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Mildenhall mourns loss of master sergeant

  • Published
  • By Tech. Sgt. Cindy Dorfner
  • 100th Air Refueling Wing Public Affairs
Master Sgt. Bernard Huggins was what people in the Air Force call a “fast burner.” In the military for 14 years, Sergeant Huggins, a flightline expeditor with the 100th Aircraft Maintenance Squadron, was promoted this past July -- fairly early at age 33.

A native of Manning, S.C., Sergeant Huggins was found dead Nov. 18 in a field near Freckenham, just a few miles from the base. The circumstances surrounding his death aren’t yet clear, though the Suffolk Constabulary is certain nothing suspicious took place. Even with all his success in uniform, it’s the things off duty which will highlight the memories of those who knew him. His heart, his cooking and his undying love for his children are what those closest to him will remember for years to come.

For Staff Sgt. Akilah Huggins, living without her best friend and the father of her children, Kendrick, 7, and Savannah, 5, is going to be difficult. Though the two had recently gotten divorced, they remained very close and hoped to get back together someday soon.

“He was the best friend I could ever have. We talked about everything,” said Sergeant Huggins, who is from the 100th Logistics Readiness Squadron. “He was the best father I’ve ever known. He loved his kids so much.”

Staff Sgt. Deametreyess Simmons, 100th Air Refueling Wing, had known Sergeant Huggins since they were stationed in Korea. Though she didn’t know him well there, that changed when she arrived at RAF Mildenhall. Sergeant Simmons was here about 60 days when she found out she was deploying. She was single and didn’t know many people, so Sergeant Huggins stepped in and volunteered to take care of her car, her bills ... everything.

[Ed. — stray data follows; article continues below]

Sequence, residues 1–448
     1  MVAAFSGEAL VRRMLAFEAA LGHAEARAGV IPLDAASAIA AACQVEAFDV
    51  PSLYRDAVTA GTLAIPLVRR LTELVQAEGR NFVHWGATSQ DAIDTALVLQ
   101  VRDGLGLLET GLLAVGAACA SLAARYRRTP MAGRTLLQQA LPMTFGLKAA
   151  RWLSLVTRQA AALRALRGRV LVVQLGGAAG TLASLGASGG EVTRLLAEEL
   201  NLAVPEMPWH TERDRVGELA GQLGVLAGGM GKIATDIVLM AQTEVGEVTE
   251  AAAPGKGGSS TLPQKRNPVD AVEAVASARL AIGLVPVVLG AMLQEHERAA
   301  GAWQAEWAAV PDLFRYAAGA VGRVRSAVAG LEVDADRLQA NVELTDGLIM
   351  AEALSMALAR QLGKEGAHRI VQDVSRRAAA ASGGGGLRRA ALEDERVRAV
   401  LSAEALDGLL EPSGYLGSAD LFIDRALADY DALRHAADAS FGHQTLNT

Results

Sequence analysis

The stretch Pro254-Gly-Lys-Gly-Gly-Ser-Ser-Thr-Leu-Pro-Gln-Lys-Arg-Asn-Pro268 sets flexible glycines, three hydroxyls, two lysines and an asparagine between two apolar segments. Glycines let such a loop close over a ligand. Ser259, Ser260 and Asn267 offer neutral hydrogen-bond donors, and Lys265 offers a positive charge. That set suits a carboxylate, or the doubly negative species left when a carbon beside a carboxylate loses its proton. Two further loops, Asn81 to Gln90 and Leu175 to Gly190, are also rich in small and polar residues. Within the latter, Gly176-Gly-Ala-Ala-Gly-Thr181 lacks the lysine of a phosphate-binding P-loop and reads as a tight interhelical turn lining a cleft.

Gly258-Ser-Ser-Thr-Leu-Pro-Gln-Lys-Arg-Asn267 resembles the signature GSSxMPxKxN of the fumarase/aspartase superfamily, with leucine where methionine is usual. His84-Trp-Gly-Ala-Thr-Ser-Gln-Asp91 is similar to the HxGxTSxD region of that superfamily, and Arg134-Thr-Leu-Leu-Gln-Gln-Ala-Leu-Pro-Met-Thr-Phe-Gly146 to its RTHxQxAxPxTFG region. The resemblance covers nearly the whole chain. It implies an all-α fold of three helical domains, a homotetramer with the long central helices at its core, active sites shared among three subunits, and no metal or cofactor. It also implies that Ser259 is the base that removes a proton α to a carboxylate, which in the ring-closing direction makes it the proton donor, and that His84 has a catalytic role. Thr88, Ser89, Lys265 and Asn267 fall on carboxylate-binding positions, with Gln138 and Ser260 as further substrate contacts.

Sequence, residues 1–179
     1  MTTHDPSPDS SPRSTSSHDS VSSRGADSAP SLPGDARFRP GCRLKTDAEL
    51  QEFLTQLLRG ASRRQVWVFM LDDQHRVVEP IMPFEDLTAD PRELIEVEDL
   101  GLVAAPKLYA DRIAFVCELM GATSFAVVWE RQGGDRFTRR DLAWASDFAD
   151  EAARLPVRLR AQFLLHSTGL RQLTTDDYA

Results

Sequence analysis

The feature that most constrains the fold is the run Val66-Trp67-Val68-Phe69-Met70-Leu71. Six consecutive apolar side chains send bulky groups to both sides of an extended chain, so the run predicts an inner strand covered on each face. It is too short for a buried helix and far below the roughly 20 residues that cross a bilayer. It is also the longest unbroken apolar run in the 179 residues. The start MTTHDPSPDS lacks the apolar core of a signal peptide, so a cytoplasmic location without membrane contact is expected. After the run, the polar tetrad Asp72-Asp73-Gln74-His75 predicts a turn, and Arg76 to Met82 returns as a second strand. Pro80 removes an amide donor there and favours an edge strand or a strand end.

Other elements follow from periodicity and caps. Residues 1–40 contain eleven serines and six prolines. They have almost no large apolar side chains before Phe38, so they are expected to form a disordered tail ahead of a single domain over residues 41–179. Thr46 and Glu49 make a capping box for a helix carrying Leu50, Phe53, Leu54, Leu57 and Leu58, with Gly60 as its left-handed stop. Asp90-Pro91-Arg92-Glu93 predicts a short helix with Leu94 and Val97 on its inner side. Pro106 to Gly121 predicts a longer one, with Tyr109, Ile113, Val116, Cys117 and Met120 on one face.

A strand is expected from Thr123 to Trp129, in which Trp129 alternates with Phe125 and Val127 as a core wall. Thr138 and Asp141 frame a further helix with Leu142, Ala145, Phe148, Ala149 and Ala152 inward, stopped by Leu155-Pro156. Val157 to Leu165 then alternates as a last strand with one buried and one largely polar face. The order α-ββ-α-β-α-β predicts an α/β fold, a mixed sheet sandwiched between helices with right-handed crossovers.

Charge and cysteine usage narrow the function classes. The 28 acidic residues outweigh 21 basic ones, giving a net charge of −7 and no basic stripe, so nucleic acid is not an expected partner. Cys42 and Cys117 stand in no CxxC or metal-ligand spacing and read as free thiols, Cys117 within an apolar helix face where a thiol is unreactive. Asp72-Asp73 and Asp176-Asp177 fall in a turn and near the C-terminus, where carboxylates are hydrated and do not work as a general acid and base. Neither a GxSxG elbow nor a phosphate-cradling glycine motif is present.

“I considered him my best friend, even if he didn’t consider me the same,” said Sergeant Simmons. “He was always there. I could always count on him.”

Sergeant Simmons knew she could count on her friend for just about anything.

“He was somebody to look up to,” Sergeant Simmons said. “He was really serious about studying for that next stripe. He knew I was a morning person, so he would call me in the mornings to ask if I was studying. Sometimes, he would see me online and tell me to get off the computer and get studying. He knew I was just chatting with friends.”

Hearing about his friend’s death took a toll on Staff Sgt. Chris Hough, who is no longer stationed at RAF Mildenhall and is deployed to Iraq.

“Bernard was the type of man, friend and sergeant that will look out for us even now that he is gone,” Sergeant Hough said in an e-mail.

“I made the kids promise me they’ll never forget him, never stop loving him,” Sergeant Huggins said. “I let them know he loved them more than life itself.”

Sergeant Huggins said she’ll do everything to make sure her kids don’t forget their father.

“I’m going to ask them every day to tell me something different they remember about their daddy,” she said. “Today, Savannah remembered when they played checkers she never got to win. I told her I would teach her how to play so she can win every time. Kendrick remembered the fireworks they just went to see in Lakenheath.”

She made a promise to their father, as well.

“When I was alone with him after he died, I made a promise to him,” she said. “On their graduation days, on their wedding days, even though he won’t be there physically, he’ll be there with them. I’ll make sure they know he’s there.”